Mr. Trunnell, Mate of the Ship "Pirate" eBook

This eBook from the Gutenberg Project consists of approximately 189 pages of information about Mr. Trunnell, Mate of the Ship "Pirate".

“Rolling,” said the captain of the Pirate, “hadn’t you better go home and tell Trunnell he wants you?  Seems to me you’ll have a long row back in the hot sun.  I’d ask you all aboard, but this ship ain’t mine.  She belongs to a friend who owes me a little due, see?  Now be a sensible little fellow.  Rolling, and go back nicely, or I’ll have to do some target practice, or else cut this rope.  Give my kindest regards to the ladies, especially Mrs. Sackett.  Tell her that I wouldn’t have dreamed of deserting her under any other circumstances, but this brig has got the devil in her and is running away with me.  I can’t stop her, and I can’t say I would if I could.  That infernal King Neptune has got hold of her keel and is pulling us along.  Good-by, Rolling; don’t by any possible means disturb the charts on my trunk.  There, let go, you Ford.”

Ford cast the line adrift, and the boat’s headway slacked.  The brig drifted slowly ahead, going at least three knots through the smooth water.  A long row of smiling faces showed over the rail as we came from under her stern.  One fellow, waving his hand, cried out to report Bill Jones of Nantucket as “bein’ tolerable well, thank ye.”  It was evident they knew nothing of Jackwell and treated the going of the brig as a good joke on greenhorns.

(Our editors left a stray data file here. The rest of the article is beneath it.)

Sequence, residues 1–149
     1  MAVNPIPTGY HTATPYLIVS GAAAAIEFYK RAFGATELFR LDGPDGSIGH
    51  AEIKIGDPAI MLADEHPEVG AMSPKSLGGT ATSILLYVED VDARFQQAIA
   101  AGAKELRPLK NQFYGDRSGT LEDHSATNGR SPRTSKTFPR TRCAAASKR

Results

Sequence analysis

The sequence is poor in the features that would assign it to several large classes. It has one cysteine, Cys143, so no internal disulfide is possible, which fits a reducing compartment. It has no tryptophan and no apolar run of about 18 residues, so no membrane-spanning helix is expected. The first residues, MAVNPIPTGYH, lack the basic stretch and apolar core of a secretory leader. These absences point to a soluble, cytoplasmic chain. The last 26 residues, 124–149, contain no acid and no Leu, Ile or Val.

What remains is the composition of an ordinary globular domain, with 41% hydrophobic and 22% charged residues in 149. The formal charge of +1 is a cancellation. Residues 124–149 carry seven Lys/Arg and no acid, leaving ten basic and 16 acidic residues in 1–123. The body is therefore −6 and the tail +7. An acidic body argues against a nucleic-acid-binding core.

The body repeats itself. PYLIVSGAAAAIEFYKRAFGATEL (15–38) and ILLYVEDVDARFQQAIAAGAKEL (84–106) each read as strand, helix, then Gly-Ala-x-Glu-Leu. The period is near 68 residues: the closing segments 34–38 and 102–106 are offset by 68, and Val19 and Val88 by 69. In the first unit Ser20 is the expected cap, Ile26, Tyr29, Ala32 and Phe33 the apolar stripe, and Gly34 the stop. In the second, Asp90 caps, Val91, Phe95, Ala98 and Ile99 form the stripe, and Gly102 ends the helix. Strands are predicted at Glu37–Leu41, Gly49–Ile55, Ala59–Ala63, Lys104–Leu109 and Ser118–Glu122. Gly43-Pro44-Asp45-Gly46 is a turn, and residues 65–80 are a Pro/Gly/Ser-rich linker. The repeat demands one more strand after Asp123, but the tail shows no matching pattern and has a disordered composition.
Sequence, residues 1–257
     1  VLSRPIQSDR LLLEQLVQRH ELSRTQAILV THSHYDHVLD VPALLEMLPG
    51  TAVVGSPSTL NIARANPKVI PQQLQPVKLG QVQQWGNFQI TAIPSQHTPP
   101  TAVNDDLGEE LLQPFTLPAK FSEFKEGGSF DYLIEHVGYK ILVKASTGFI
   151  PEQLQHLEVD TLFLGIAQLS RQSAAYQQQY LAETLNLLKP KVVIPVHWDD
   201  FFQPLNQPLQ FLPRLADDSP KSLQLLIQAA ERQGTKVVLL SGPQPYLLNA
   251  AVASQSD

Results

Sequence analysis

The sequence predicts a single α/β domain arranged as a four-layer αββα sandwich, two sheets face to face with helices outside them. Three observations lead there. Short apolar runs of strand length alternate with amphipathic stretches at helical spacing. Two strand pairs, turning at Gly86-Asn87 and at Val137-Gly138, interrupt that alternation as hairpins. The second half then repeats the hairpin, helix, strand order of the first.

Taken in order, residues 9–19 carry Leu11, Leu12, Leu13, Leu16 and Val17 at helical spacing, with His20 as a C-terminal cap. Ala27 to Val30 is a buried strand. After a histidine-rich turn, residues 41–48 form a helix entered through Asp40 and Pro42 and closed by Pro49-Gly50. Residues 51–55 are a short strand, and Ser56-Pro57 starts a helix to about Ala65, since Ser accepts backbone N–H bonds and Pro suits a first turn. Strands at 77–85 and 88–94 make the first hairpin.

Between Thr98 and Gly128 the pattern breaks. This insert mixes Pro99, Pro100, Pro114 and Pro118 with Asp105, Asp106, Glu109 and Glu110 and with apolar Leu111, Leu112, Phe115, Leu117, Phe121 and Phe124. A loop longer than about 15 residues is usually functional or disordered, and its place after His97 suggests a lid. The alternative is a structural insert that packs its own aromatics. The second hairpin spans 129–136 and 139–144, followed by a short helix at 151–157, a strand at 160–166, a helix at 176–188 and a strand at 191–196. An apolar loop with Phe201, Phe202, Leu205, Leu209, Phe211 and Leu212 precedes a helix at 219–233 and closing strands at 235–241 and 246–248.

“That beats me,” said Ford, panting from his last exertions.

“An’ me too,” said Johnson.  “If we’d had Tom and one or two more along we’d have beat her easy.  But ain’t he a-comin’ back at all at all?”

“I hardly think we’ll see Captain Thompson any more this voyage,” I answered savagely; “but by the Lord Harry, he’s left his trunk all right.”

XXIII

When we rowed back to the ship, Trunnell was looking at us through the glass up to the time we came under the Pirate’s counter.  He evidently could see that our skipper wasn’t with us, and it seemed as if he could not quite make up his mind to the fact, but must keep looking through the telescope as though the powerful glass would bring the missing one into view.  We ran up to the channels, and he looked over the side.  A line of heads in the waist told of the curiosity among the men forward.

I said nothing, and nothing was said until the painter was made fast and Ford had sprung on deck.

“He ain’t with ye, Rolling?” asked Trunnell.

I was too much disgusted to answer.  The empty boat was enough to satisfy any reasonable person.

Chips came to the rail and leaned over as I came up the chain-plates.  “‘Twas so, then?  Th’ raskil!  But what makes th’ bloody hooker move?  She’s slantin’ away as if th’ devil himself ware holdin’ av her fore foot!”

“Steam, you poor idiots,” I cried out, in disgust, for it was evident that even Trunnell couldn’t tell what made the Shark get headway, although now the smoke poured handsomely from her masthead.

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Mr. Trunnell, Mate of the Ship "Pirate" from Project Gutenberg. Public domain.
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